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2024 Legislative Review

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It’s time to look at the Good, the Bad, and the Ugly of this year’s legislative session through Bigger Pie Forum’s lens of enhancing opportunity and reducing barriers to growth in Mississippi’s economy.

The Good

We start with some minor victories for taxpayers related to gifts that can be accepted by regulatory agencies from the people or companies they regulate.

HB 1664 offers some clarification to the prohibition on gifts and campaign contributions that may be given to or received by a Public Service Commissioner or the Public Utilities Staff. This was prompted by 2023 campaign contributions to now-former commissioners Brandon Presley and Brent Bailey from solar power producers from other states.

HB 1664 doesn’t mention solar producers specifically, but it does reference another section of law where the definition of an electric public utility includes “the generation, manufacture, transmission, distribution, provision, or furnishing of electricity to or for the public,” which should cover solar. It also adds a prohibition against gifts or contributions from anyone “acting at the request or direction” of a public utility. That addresses the concern that solar companies operating in Mississippi may have asked solar companies in other states to make contributions the Mississippi companies might not be allowed to make.

HB 1664 also adds a prohibition against gifts or campaign contributions from anyone who has participated in a PSC proceeding in the four years preceding the gift or contribution. The goal of all these prohibitions, of course, is to limit the conflicts of interest that could influence decisions by the PSC.

HB 1471 creates a similar prohibition on gifts to officers or employees of BEAM, the Office of Broadband Expansion and Accessibility of Mississippi, which provides grants to broadband service providers to deploy broadband access in unserved or underserved areas.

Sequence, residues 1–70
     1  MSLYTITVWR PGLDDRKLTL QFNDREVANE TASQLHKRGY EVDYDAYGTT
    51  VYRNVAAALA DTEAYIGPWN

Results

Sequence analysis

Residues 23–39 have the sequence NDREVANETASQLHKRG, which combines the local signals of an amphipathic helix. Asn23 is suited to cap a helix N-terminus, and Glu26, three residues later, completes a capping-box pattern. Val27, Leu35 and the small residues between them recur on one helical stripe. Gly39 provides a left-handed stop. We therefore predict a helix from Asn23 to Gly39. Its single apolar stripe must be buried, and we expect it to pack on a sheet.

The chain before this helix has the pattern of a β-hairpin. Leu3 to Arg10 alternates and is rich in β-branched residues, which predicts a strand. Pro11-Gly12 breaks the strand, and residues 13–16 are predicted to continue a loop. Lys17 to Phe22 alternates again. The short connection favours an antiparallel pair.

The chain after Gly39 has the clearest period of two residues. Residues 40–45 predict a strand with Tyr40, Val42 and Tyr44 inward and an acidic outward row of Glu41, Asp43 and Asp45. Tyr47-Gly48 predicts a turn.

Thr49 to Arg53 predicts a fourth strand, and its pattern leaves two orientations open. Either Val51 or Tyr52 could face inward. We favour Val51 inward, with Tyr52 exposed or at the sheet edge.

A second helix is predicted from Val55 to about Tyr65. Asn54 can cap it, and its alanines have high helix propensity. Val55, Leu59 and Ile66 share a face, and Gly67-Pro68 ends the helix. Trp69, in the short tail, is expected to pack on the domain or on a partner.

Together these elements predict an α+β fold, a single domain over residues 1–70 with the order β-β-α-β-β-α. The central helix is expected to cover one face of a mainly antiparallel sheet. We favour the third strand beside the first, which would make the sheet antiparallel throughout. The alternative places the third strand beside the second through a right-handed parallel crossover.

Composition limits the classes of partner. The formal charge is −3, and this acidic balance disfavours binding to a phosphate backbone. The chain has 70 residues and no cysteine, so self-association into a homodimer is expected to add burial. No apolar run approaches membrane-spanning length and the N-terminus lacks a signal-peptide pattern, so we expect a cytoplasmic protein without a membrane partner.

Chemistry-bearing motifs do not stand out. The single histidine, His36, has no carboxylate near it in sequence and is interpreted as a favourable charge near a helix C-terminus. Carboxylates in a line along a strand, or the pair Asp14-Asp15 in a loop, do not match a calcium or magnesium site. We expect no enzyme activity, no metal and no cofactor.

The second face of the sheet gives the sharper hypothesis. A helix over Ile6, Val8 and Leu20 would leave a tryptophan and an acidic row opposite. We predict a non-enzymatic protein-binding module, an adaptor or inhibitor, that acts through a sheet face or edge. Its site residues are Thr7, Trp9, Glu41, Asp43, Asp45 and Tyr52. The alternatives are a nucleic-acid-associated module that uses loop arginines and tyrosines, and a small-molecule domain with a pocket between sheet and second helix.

In the “shouldn’t be necessary, but it is” category, HB 1583 prohibits any ordinance, building code, or other policy that restricts or prohibits anyone from using an appliance based on the type of utility service required to operate the appliance. This is to preempt what we have seen in other states where local governments are prohibiting the installation of appliances that use natural gas or other fossil fuels.

SB 2059 stipulates as a matter of law that energy produced from biomass (mostly forest product residuals) or from agricultural harvesting is considered renewable and carbon neutral. When the bioenergy is paired with carbon capture and storage, the bioenergy is carbon negative.

SB 2072 allows physical therapists to perform physical therapy on patients without a prescription or referral from another health professional if the physical therapist has a doctorate in physical therapy or has five years of licensed clinical practical experience.

The Bad

SB 2557 calls for Mississippi State or Alcorn State to lease land at one of their branch experiment stations for up to 50 years for a “solar installation.” This provision was added to the section of law declaring that agriculture “is the primary industry of Mississippi” and that research should

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